An investigation into claims that the CIA held al-Qa'ida suspects in secret prisons in Europe has been stepped up, with 45 countries being sent a formal demand to provide information.
Austria's air force is investigating reports that a US transport plane containing suspected terrorist captives passed through the neutral country's air space in 2003. And Denmark is to ask US authorities for details about claims that detainees were flown across its territory. Two eastern European countries are said to be involved, and the UK presidency of the EU is sending a letter to the US seeking more information.
Terry Davis, the secretary general of the Council of Europe, set a 21 February deadline for his 45 member nations to answer questions on overflights, landings and possible secret detention centres.
Dick Marty, a Swiss MP, said he was investigating the flight plans of 31 aircraft that landed in Europe in recent years, but he believes the suspected detention centres are likely to be small, and have probably been closed. He appealed to the UN, Nato, the EU and Eurocontrol, which coordinates European air traffic navigation, for help.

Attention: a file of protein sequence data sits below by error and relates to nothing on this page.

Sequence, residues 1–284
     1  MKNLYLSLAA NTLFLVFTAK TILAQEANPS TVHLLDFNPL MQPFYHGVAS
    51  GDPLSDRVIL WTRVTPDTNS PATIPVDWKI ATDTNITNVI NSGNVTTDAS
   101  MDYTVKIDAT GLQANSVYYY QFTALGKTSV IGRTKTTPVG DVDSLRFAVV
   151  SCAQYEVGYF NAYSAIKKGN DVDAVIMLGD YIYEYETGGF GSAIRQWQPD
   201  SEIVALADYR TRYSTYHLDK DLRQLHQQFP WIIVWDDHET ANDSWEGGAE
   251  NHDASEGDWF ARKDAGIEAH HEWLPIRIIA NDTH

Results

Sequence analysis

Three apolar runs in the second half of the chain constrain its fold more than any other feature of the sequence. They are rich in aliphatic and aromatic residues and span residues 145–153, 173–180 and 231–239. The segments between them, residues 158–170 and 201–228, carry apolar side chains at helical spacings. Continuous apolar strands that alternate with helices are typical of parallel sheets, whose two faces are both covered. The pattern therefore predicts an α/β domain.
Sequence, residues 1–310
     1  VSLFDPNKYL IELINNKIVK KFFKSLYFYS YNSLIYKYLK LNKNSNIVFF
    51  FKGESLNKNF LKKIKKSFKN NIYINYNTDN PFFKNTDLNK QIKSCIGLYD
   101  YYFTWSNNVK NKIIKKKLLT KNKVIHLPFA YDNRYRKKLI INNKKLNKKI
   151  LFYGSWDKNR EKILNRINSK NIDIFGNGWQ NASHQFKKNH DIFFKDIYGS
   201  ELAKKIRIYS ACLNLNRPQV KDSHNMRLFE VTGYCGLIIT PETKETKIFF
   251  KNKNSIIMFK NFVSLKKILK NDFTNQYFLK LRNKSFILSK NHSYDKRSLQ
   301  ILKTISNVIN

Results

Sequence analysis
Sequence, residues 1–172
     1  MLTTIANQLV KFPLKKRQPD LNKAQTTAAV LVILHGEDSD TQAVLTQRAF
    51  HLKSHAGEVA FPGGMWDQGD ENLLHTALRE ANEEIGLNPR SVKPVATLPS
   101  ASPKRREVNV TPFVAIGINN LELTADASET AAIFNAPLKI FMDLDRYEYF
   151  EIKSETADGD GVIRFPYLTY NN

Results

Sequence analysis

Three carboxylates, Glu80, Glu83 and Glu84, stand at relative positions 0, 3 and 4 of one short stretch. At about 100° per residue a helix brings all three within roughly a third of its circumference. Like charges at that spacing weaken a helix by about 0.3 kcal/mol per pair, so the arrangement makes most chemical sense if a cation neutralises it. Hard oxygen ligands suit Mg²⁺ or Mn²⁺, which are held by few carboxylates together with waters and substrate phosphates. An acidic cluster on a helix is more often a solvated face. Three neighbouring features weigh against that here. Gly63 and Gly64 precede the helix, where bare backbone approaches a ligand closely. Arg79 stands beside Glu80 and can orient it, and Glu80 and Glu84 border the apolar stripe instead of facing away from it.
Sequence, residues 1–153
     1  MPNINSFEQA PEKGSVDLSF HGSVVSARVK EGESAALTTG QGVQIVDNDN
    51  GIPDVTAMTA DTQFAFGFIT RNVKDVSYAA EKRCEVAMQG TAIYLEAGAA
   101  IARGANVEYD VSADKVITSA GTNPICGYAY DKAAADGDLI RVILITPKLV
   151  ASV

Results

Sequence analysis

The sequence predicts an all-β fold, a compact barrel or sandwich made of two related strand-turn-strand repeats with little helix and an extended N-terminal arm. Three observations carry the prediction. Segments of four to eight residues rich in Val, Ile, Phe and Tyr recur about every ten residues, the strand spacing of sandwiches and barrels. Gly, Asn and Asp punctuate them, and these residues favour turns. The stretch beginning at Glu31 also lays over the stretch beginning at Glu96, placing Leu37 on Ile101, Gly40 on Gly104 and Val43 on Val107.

Human Rights Watch has identified the Kogalniceanu military airfield in Romania and Poland's Szczytno-Szymany airport as possible secret detention centres, basing its claim on flight logs of CIA aircraft.
Mr Marty believes the other airports that might have been used include Palma de Majorca, Larnaca in Cyprus, Shannon in Ireland, and the US air base at Ramstein in Germany.
Sweden says a plane with possible CIA links has landed in the country three times since 2002. Denmark has identified 14 suspect flights. Norway has identified three.Reuse content